When Virginia – and the rest of the country – experienced a surge in COVID-19 cases that began in November 2020 and continued through the holidays, residents ages 20 to 39 exhibited the highest transmission rates, 0 to 19 the lowest rates. During the current surge (which now seems to be fading) there has been a shift. According to Dr. Brandy Darby, epidemiologist with the Virginia Department of Health, newborns to those 19 years old are seeing transmission rates similar to those 20 to 39.
Darby, who has been involved with the pandemic response since early in 2020, said, “If you get more granular, the highest rates are in children 16 and 17 years old. There is a lower case rate in children 12 to 15, lower still in 5 to 10 years old, and children ages 0 to 4 have experienced the lowest rate of cases.”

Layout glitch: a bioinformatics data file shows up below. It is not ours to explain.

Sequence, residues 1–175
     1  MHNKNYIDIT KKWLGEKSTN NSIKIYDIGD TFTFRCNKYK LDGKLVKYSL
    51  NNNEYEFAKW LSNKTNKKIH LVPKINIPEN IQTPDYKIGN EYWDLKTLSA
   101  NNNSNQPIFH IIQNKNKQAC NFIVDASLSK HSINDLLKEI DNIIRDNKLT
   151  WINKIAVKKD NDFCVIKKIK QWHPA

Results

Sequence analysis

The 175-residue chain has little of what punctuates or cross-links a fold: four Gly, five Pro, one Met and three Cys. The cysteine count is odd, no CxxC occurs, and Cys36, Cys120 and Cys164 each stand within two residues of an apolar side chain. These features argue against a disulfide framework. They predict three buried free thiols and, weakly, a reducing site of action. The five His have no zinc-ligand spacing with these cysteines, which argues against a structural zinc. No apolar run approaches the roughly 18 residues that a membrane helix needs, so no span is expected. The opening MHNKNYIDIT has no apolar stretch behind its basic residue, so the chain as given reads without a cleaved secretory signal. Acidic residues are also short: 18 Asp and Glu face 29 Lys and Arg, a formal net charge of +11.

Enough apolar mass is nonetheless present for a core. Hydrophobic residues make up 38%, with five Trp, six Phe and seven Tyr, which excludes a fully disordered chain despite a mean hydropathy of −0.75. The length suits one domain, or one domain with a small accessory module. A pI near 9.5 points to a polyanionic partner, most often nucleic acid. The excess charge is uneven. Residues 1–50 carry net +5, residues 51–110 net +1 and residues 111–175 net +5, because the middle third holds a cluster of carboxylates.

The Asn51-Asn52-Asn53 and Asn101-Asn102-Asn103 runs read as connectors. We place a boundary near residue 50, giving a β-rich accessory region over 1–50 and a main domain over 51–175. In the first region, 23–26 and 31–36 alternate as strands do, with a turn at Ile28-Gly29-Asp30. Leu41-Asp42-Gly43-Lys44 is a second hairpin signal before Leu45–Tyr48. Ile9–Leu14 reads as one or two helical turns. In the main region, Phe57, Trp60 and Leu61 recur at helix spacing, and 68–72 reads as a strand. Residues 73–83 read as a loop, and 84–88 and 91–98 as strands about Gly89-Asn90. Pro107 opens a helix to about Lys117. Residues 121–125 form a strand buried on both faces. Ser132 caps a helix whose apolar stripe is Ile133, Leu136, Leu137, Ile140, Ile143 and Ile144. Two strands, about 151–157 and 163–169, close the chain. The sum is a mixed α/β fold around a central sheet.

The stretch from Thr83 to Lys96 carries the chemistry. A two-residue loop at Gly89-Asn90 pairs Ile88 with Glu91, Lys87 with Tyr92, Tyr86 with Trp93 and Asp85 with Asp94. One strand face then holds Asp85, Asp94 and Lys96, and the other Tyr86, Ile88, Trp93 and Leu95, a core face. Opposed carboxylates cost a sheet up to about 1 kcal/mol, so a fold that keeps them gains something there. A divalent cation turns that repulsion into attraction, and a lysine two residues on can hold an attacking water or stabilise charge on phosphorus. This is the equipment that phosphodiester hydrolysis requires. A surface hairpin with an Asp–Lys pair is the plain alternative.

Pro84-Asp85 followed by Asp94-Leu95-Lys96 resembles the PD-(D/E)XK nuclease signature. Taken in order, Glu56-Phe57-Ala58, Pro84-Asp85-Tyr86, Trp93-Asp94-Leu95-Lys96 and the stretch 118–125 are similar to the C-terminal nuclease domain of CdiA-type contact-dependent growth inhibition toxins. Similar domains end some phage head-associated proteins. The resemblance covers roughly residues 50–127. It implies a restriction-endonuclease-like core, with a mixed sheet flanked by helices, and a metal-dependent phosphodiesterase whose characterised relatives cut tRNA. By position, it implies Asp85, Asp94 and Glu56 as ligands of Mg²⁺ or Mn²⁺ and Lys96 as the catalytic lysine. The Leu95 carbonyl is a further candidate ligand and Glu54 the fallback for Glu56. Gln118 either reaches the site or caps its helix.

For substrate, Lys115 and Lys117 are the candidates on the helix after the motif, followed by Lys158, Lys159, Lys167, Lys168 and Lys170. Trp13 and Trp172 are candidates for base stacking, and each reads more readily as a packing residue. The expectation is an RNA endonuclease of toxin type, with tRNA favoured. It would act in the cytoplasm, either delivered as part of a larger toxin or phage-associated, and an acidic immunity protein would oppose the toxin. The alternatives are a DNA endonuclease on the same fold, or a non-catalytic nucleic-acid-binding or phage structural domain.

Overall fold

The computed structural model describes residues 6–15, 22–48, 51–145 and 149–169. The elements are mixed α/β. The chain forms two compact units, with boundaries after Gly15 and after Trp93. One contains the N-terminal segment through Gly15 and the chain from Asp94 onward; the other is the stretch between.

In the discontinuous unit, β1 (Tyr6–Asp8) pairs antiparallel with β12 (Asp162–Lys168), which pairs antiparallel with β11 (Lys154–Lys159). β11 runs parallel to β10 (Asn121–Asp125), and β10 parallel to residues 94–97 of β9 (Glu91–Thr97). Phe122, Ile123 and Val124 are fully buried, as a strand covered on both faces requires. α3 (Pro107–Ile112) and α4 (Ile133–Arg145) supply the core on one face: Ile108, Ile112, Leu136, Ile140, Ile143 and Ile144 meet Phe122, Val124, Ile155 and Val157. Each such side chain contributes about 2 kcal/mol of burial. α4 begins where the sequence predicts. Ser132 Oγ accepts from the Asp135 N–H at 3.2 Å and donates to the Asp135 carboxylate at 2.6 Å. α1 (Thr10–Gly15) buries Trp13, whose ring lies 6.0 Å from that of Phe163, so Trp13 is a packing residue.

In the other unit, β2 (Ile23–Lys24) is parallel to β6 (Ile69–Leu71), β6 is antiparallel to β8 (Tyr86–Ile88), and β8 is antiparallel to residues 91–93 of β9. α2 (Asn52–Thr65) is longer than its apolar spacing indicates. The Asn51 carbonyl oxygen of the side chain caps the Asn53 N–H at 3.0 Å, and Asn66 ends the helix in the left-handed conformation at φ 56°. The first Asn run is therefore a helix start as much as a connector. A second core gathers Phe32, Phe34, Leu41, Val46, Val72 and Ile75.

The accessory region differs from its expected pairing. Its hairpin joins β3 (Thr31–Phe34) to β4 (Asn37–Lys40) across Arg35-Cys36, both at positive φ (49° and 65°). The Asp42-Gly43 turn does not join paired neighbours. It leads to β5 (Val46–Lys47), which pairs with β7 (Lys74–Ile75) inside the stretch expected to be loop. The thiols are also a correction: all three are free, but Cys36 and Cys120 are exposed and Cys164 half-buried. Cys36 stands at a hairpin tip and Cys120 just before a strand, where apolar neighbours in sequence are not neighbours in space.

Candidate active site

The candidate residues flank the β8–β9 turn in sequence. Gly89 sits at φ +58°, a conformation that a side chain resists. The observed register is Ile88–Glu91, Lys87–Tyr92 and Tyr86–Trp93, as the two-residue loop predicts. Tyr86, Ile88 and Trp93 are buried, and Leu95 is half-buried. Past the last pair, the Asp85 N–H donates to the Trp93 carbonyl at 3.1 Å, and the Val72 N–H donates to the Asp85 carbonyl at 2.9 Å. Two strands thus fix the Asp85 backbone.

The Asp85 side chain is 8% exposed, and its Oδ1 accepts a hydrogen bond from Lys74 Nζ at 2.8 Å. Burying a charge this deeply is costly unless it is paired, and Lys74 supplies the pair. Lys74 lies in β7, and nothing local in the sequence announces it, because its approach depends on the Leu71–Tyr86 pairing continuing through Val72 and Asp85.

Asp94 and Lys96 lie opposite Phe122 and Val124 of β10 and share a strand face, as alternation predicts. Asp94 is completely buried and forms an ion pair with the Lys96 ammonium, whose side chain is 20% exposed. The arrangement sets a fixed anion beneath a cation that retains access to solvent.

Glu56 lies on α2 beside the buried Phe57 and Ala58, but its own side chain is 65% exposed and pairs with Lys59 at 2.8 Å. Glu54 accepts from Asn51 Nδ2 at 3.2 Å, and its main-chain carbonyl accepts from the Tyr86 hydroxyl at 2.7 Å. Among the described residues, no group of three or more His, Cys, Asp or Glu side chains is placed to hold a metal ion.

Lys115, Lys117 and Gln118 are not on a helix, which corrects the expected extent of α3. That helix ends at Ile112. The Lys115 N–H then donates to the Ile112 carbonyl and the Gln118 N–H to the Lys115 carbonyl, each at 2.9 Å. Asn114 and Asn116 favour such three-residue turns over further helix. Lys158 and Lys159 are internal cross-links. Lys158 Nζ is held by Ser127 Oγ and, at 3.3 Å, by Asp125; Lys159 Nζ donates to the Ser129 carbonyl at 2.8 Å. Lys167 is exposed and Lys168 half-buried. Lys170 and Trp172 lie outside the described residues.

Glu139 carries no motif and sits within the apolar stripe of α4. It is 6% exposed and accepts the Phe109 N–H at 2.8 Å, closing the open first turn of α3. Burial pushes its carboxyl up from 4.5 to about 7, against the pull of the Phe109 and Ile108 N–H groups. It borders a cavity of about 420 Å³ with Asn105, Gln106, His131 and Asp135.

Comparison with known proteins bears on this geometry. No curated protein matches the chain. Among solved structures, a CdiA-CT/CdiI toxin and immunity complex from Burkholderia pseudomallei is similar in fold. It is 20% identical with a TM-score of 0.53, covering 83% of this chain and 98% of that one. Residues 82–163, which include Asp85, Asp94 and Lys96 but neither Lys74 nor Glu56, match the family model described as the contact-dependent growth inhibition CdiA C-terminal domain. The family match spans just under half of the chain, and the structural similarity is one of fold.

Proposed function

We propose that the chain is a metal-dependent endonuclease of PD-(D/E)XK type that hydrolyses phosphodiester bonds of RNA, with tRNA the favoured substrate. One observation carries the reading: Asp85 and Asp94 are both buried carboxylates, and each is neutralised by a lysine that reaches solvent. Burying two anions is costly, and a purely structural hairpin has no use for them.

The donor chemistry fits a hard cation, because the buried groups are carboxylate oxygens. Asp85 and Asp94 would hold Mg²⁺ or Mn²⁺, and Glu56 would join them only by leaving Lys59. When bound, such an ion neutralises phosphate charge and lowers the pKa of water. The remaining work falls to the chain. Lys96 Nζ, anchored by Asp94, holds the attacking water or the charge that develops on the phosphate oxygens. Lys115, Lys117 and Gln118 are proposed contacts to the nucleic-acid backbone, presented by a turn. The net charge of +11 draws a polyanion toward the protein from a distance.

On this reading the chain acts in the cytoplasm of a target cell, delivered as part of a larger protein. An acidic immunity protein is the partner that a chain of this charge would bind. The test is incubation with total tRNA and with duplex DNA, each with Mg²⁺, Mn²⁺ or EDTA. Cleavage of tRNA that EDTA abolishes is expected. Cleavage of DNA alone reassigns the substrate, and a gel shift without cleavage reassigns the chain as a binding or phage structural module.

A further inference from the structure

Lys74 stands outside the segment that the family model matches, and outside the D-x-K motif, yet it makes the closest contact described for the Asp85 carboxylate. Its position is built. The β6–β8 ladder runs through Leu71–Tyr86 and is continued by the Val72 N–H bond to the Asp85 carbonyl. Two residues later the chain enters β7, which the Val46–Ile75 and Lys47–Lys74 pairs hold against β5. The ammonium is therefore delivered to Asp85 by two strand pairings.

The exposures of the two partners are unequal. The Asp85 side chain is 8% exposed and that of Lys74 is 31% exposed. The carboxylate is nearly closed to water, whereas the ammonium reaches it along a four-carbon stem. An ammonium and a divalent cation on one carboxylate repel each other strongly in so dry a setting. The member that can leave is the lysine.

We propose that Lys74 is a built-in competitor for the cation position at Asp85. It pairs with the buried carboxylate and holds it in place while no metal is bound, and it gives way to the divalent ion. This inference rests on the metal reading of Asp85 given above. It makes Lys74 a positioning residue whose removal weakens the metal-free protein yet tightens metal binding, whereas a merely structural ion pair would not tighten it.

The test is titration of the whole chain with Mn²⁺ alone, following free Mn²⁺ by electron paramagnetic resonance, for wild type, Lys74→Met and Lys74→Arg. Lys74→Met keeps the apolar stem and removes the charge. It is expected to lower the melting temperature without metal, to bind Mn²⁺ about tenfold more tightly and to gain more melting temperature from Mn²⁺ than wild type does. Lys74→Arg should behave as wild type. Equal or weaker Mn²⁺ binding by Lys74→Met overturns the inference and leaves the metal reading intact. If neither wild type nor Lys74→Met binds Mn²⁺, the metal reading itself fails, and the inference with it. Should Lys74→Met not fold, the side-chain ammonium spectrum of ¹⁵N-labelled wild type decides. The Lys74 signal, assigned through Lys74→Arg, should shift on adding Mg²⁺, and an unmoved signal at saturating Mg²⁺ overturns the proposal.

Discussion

Children older than 12 are eligible for a COVID-19 vaccine, yet according to the data, those children are experiencing among the highest rates of coronavirus. Darby sees multiple factors contributing to the trend. “The uptick started in July,” said Darby. “We were looking pretty good over the summer. Maybe families were traveling more than they had been. Then there was back to school, sports and other activities opening back up. The patterns of human interactions, plus the Delta variant – which is two times as transmissible – all came together.”
During the 2020-2021 school year, schools were a safe place for children when it came to COVID-19; infections were low relative to community spread. But cases began to increase with the start of school this fall. Fauquier County schools have seen almost 300 cases in students since school opened two months ago. For the 2020-2021 school year, there were fewer than 100. (Schools were not open five days a week during the 2020- 2021 school year, and many students were engaged in online learning rather than in-person classes.)